Today’s reading, and this week’s portion, ends with God telling Moses, “Now you will see what I am going to do to Pharaoh.” Let us be more willing to pay the low costs of knowing God–that is a short life that could include some tough circumstances, rather than the high costs of not knowing Him at all. We can be encouraged that John 15:18-21 reminds us that if the world hates us, it is because it hated God first and that we are chosen out of it by God rather than left to be a part of it. And we can keep our hope in the promises of eternity that kept Paul the Apostle strong. As he said in 1 Corinthians 15:19 (NLT), “And if our hope in Christ is only for this life, we are more to be pitied than anyone in the world.”
So, I was thinking maybe ApologetiX had a video that had something to do with the slaves in Egypt, but I haven’t found it yet. Oh, but I will have plenty to share as we move along in our studies. I just have to remember when I get to the right subject matter. One we will not get to is their parody of Pink Floyd’s Another Brick in the Wall which is done as “God Will Kick in the Wall.” I didn’t share it since it’s about Jericho, but the title seemed fitting anyway since today’s reading from Exodus 1:1 through Exodus 1:17 covers just that subject.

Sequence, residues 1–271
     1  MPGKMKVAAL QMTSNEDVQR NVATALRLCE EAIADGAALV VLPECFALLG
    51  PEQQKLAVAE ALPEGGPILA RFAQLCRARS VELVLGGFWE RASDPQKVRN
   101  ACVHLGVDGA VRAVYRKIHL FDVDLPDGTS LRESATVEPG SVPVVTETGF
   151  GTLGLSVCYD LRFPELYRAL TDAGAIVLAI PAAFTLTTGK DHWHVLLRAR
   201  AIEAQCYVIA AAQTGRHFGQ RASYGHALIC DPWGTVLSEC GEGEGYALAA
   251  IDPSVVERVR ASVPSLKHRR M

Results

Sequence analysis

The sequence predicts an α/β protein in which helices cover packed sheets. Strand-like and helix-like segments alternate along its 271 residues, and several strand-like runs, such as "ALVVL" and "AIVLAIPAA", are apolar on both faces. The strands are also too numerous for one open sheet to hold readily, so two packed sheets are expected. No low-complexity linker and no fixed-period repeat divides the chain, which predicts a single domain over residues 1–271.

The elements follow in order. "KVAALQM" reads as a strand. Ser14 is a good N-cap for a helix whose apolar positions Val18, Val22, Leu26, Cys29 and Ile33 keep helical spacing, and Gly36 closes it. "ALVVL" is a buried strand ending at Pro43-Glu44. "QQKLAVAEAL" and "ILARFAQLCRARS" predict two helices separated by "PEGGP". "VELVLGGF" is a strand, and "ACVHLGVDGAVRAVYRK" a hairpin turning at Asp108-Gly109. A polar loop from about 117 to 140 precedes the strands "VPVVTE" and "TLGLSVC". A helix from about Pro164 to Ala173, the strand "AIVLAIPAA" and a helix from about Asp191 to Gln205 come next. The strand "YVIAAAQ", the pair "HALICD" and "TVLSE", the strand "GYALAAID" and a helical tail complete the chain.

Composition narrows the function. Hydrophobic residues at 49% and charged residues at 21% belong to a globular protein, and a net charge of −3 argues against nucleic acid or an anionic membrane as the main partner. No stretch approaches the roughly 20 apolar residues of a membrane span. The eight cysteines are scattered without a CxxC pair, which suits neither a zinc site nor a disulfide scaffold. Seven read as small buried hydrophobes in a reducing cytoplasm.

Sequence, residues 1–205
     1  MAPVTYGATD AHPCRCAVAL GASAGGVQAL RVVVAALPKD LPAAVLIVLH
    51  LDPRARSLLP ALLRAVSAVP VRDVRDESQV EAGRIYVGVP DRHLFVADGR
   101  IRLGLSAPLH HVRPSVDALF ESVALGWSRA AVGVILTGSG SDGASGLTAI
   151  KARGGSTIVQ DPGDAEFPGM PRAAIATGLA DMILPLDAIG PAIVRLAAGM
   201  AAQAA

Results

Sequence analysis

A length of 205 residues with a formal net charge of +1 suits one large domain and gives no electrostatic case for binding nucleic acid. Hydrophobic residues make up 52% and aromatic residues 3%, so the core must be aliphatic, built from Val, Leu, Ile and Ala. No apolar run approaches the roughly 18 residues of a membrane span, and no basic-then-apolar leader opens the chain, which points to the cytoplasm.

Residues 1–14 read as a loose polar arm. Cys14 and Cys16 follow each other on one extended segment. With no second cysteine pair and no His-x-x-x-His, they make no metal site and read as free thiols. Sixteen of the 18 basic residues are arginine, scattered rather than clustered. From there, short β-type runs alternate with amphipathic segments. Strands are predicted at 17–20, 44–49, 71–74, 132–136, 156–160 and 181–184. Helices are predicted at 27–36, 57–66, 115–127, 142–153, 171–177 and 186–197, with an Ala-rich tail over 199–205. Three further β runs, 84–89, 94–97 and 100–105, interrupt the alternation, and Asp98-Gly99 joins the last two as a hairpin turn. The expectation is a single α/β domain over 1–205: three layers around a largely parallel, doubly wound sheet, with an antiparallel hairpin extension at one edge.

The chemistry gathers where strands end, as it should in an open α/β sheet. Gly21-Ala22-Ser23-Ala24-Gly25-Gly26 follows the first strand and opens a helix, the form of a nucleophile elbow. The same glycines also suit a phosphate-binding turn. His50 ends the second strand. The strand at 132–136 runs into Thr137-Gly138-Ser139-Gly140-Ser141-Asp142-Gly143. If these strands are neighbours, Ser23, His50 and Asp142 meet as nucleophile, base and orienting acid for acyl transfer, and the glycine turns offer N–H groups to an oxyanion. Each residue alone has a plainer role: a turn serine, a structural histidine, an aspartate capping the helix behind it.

We are now into Parashah (Portion) 13, titled “Sh’mot” in Hebrew and meaning Names. It begins with the names of sons of Israel who came with him to Egypt. It then goes on to talk of the death of Joseph, his brothers, and all those of their generation. Their descendants were fruitful, multiplied and grew strong and filled the land. And eventually, a new pharaoh came into power that new nothing of Joseph and his family and became fearful of their power and numbers. He was certain that if they continued to enlarge, they would join with Egypt’s enemies and fight against them.